Wednesday, September 5, 2012

Pacific Northwest Gets 3 NOAA Grants for Bycatch Reduction Research

Pacific Northwest research projects to reduce the bycatch of Chinook salmon, rockfish and crab will share in nearly $2.5 million in federal fisheries grants announced Aug. 29.

The 14 nationwide awards from the National Oceanic and Atmospheric Administration included two grants to the Pacific States Marine Fisheries Commission and one to Oregon State University.

A $130,043 grant to the PSMFC is for research on the use of artificial light to enhance the escapement of Chinook salmon when used in conjunction with a bycatch reduction device in a Pacific hake mid-water trawl net.

The investigator will work with Pacific Hake fishermen and a net manufacturer to determine whether artificial light helps these kings to escape trawl nets. The Pacific hake fishery, the largest groundfish fishery by volume off the west coast of the US, also catches king salmon, which are listed under the Endangered Species Act.

If Chinook salmon bycatch exceeds certain levels, then consultation under the fishery’s ESA-related biological opinion will need to be reinitiated, which could result in additional fishing restrictions for the hake fishery.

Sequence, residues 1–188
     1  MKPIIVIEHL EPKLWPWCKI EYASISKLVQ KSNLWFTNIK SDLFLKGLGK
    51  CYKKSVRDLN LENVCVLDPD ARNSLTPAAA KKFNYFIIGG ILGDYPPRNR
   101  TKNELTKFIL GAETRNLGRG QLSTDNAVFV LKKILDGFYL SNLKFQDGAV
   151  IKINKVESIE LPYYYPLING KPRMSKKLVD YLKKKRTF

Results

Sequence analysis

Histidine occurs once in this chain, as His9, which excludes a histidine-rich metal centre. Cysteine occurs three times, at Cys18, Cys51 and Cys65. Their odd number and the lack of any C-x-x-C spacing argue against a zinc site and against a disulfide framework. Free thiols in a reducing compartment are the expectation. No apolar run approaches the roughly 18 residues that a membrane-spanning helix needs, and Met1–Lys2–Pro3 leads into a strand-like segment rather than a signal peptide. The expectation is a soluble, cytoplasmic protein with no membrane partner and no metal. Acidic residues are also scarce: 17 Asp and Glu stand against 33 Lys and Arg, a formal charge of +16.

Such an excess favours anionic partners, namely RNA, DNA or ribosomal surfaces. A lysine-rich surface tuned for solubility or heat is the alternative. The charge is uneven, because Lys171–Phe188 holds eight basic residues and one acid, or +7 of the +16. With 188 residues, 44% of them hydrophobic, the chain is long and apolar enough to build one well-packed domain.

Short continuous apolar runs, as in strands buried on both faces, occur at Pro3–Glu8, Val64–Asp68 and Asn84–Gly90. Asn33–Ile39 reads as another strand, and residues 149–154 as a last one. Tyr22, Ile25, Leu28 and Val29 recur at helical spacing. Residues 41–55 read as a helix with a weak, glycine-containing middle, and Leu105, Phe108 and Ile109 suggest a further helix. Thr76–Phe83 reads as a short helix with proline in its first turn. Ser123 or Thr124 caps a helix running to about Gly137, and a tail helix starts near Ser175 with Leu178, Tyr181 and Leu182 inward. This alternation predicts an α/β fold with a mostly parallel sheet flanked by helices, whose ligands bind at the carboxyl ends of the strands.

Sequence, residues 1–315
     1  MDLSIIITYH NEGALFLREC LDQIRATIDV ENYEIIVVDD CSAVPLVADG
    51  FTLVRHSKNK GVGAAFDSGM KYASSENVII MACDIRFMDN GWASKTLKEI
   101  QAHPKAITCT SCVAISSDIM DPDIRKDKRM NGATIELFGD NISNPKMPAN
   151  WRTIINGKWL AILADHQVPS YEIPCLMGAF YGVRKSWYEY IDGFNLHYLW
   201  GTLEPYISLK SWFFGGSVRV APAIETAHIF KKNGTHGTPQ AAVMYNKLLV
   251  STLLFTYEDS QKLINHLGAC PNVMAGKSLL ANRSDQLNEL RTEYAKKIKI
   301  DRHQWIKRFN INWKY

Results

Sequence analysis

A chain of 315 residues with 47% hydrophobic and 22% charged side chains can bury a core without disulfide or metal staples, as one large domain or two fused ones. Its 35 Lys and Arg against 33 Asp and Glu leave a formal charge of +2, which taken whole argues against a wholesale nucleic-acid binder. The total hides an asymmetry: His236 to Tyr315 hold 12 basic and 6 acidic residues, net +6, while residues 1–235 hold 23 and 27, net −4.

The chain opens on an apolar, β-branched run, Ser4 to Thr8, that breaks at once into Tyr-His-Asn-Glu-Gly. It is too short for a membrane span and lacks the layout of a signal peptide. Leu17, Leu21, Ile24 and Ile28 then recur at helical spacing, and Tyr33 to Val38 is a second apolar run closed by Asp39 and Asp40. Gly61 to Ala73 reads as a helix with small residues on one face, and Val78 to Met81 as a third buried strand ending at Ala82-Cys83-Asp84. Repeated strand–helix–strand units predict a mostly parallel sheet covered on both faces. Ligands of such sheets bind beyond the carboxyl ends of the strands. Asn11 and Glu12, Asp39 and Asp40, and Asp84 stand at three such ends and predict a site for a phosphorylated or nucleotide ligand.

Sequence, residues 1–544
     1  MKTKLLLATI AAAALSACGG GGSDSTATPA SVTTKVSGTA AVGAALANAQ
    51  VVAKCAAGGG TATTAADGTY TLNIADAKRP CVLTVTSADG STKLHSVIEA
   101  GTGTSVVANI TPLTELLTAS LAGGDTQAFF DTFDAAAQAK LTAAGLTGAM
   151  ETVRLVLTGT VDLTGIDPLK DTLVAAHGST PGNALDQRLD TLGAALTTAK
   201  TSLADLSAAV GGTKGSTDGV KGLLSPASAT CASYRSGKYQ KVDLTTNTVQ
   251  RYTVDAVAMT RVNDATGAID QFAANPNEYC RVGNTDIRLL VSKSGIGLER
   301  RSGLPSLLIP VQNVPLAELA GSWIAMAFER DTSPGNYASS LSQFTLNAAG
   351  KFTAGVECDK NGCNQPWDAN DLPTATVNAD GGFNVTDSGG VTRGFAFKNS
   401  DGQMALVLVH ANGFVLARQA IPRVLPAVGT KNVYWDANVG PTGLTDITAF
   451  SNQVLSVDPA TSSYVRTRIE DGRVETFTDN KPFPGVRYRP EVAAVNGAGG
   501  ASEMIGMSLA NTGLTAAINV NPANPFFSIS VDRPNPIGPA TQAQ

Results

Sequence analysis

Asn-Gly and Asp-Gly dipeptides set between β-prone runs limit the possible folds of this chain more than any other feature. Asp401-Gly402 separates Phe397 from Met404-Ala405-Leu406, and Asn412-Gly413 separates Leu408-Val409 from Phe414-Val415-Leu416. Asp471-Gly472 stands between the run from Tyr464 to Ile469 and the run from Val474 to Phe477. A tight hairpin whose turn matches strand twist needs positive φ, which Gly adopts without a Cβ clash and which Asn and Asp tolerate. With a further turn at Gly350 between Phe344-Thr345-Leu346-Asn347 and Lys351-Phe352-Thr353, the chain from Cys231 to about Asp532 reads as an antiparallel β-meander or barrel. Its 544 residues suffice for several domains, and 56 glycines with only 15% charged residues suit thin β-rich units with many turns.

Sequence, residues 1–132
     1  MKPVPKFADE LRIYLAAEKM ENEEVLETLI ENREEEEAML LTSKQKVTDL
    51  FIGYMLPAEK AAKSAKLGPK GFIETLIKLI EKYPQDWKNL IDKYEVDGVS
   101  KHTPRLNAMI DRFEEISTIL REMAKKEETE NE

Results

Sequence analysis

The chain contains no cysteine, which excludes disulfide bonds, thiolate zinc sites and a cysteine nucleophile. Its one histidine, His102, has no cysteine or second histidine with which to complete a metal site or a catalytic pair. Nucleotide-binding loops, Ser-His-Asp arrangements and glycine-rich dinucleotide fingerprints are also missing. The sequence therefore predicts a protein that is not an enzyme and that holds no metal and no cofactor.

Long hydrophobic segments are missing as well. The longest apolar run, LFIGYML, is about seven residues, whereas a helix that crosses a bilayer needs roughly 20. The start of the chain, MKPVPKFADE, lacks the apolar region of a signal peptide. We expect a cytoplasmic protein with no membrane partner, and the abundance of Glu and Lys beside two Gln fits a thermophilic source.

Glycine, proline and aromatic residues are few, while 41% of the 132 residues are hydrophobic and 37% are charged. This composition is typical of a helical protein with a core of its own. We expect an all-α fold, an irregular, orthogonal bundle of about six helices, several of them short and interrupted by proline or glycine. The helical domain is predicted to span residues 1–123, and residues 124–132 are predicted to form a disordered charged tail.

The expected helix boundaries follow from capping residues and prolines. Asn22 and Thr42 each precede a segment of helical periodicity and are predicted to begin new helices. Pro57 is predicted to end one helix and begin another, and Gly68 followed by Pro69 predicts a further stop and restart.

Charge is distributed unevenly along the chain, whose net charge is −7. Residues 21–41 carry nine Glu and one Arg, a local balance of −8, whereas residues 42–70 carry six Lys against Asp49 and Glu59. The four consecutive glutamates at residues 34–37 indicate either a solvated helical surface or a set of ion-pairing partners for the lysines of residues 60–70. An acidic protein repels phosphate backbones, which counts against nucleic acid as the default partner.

A second PSMFC project to reduce bycatch of overfished and rebuilding rockfish species in the Pacific hake fishery received a $144,598 grant.

For this research off the coast of Oregon and/or Washington, the investigator will work with Pacific Hake fishermen and net manufacturers to test an excluder device designed to reduce rockfish bycatch in that fishery.

In 2011, Pacific hake began to be managed under the West Coast groundfish trawl catch share program, which created individual fishing quotas as well as individual bycatch quotas. If a fisherman participating in this program reaches a rockfish bycatch quota before reaching his Pacific hake fishing quota, then his fishing season would end. Developing three gear modifications that reduce rockfish bycatch while retaining a high proportion of targeted species is very important to the hake fishery.

Oregon State University received $68,289 for first ever field validation of the reflex action mortality predictor (RAMP) approach for determining crab bycatch mortality.

They will try to determine crab survival after being caught and released as bycatch.

These investigators will also estimate Dungeness crab survival rates after release in Oregon trap fisheries and evaluate ways to increase survival of bycatch caught crab.

If the RAMP is determined to be effective, then it could be used to determine survival in various other U.S. fisheries.

Because this project involves several commercial fishermen, the investigators hope this project will encourage additional fishermen to be involved in the research, NOAA officials said.
More information on these and other grants is at

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